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Finding a therapist that's right for you
Finding a therapist isn’t always easy. But the benefits to your mental health are well worth the effort. Here are some tips that will make the process easier.
So, you’ve decided to see a therapist. Good for you. You’re in what experts call the “thinking about making a change” stage of adopting a healthy habit.
Now comes the next step: preparation. That means choosing someone to talk to about what’s on your mind. But you may want to settle in and get comfortable, because this may take time. Why? A good relationship with your therapist is vital to your success. So, it’s worth being picky about who you see.
Here’s what you need to know so that you can schedule that first appointment (the “action” stage of change) and start living your best life.
There are different types of therapy
First, it helps to understand the different methods therapists use. Think about your goals for therapy and your own ideas about it. Then see which of these comes closest.
Psychoanalysis focuses on your past and your subconscious, which is part of the mind. You’re not fully aware of it, but it can influence thoughts and feelings. Sigmund Freud developed this approach to study it. He believed childhood issues caused many later-in-life challenges. This may be a good fit for you if you’re willing to dive into your past, talk about your dreams and find out the “why” of what you do.
Behavior therapy focuses on your actions. You start by changing what you’re doing. This can improve your mental health and often your physical well-being. If you like being given tasks to do, this may suit you well.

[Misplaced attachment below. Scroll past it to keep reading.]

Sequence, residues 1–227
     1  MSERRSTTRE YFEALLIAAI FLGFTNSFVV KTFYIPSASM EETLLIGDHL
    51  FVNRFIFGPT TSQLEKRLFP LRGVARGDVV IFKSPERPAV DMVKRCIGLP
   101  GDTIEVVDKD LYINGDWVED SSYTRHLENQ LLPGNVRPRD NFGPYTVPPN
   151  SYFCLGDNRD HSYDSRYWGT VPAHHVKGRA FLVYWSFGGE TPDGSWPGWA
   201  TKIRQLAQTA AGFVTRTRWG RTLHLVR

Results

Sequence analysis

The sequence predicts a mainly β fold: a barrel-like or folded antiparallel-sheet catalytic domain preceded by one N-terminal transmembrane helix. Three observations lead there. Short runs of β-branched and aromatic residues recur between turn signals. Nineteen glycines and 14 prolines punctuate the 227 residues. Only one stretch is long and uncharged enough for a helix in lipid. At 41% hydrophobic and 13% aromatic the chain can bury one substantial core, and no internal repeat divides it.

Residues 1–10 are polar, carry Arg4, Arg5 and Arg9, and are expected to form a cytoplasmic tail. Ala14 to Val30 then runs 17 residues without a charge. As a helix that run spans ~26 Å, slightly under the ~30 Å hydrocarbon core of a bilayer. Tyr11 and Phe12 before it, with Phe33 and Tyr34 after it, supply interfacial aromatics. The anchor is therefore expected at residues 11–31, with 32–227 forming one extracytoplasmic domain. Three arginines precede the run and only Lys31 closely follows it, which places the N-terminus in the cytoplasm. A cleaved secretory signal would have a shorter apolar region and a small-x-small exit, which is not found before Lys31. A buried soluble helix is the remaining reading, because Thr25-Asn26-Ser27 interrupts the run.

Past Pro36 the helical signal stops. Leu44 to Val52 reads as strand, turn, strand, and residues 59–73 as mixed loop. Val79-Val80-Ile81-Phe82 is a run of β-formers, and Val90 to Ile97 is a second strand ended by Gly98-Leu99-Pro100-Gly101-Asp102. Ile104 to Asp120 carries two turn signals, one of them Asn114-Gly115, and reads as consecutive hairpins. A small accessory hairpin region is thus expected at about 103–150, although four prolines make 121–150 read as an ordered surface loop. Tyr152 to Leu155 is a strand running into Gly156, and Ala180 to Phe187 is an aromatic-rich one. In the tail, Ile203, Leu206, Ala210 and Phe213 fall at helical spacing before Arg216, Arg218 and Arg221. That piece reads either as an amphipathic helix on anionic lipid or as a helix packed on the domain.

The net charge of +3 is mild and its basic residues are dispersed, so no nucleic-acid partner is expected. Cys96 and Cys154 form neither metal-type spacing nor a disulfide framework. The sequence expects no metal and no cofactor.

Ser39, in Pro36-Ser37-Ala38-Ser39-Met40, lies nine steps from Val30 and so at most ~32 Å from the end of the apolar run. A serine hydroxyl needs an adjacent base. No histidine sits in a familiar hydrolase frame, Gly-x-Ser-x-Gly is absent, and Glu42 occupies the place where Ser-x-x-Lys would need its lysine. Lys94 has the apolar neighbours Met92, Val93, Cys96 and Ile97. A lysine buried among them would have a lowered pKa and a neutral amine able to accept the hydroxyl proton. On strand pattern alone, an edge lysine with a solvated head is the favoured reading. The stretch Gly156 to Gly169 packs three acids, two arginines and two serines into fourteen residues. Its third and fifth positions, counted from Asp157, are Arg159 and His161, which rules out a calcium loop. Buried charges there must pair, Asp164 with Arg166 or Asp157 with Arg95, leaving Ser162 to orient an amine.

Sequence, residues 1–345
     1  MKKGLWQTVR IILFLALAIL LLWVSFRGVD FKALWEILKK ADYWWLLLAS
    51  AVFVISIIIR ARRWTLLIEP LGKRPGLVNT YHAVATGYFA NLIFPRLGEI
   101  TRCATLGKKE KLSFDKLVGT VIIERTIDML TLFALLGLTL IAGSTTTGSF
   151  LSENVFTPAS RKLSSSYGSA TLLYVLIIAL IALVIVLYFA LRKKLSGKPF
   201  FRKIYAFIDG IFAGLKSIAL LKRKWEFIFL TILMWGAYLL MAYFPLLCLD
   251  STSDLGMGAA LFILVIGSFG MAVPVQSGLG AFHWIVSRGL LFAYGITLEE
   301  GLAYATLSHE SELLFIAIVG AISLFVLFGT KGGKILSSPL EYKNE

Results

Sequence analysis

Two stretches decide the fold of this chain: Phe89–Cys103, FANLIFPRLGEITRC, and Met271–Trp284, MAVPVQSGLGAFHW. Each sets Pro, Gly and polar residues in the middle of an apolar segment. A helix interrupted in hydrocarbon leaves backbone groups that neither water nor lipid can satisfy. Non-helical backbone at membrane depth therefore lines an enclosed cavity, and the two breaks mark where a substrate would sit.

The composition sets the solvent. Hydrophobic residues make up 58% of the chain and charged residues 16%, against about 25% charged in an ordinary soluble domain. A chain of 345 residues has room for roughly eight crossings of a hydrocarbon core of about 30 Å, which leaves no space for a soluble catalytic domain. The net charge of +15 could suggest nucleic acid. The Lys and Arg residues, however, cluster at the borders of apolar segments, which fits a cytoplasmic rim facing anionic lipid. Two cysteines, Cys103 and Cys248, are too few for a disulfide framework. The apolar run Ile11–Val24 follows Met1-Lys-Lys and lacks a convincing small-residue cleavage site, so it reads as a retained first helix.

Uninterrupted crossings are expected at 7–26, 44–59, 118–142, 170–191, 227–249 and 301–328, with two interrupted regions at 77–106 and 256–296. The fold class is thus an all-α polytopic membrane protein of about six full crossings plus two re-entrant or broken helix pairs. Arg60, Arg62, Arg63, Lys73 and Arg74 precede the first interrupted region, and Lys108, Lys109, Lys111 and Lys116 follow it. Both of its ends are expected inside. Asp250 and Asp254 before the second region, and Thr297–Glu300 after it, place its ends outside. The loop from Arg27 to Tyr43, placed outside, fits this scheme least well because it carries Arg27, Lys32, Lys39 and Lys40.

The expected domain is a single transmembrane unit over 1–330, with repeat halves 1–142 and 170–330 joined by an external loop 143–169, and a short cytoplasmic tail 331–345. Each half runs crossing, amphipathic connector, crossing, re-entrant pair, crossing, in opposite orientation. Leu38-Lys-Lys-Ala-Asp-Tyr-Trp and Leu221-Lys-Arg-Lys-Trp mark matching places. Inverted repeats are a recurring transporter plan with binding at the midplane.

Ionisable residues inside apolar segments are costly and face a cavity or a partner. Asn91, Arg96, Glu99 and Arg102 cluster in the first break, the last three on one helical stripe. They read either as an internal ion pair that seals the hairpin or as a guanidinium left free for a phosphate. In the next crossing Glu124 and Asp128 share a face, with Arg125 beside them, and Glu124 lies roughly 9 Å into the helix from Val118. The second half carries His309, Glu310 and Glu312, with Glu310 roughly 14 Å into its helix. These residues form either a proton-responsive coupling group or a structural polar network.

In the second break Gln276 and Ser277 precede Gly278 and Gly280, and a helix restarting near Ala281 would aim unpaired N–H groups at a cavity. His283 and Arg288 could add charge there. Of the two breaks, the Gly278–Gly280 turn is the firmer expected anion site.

Cognitive therapy focuses on your way of thinking. For instance, you may learn how to challenge bad thoughts that crop up and gain a more positive view. If negative thought patterns and self-talk are something you want to tackle, this can help.
Cognitive behavioral therapy (CBT) combines the two approaches. In this type of therapy, you’ll learn to identify negative thinking patterns. And you learn better ways to cope with life’s ups and downs. That may involve role-playing or facing your fears.
Client-centered therapy focuses on you being the expert on your life. The therapist’s role is to help you figure things out for themselves. Many CBT therapists will try to let their clients learn to “become their own therapists.”1
Keep this in mind: Some therapists use approaches not listed here. Or they may draw from a few types, depending on the person and the problem at hand.
There are also different types of mental health professionals. They include counselors, therapists, psychologists and psychiatrists. They have a range of education and licensing requirements. They specialize in different areas and work with patients in different ways. Some, but not all, can also prescribe medication.2
You can ask your doctor where they think you may want to begin. If the first therapist you see feels you need something they can’t provide, they’ll steer you in the right direction. (Learn more about what it means to have good mental health.)
How to find a therapist
There’s more than one way to cook an egg. And there’s more than one way to find a therapist. Here are a few to try:
Ask trusted friends and family. Depending on why you’re seeing a therapist, you may want to see the same person as someone you know — or you may not. Whatever you decide, know that the information you share is confidential.
Turn to your medical team. Ask your primary care physician, gynecologist or other health expert. Ideally, it’s someone who sees you often and knows you well.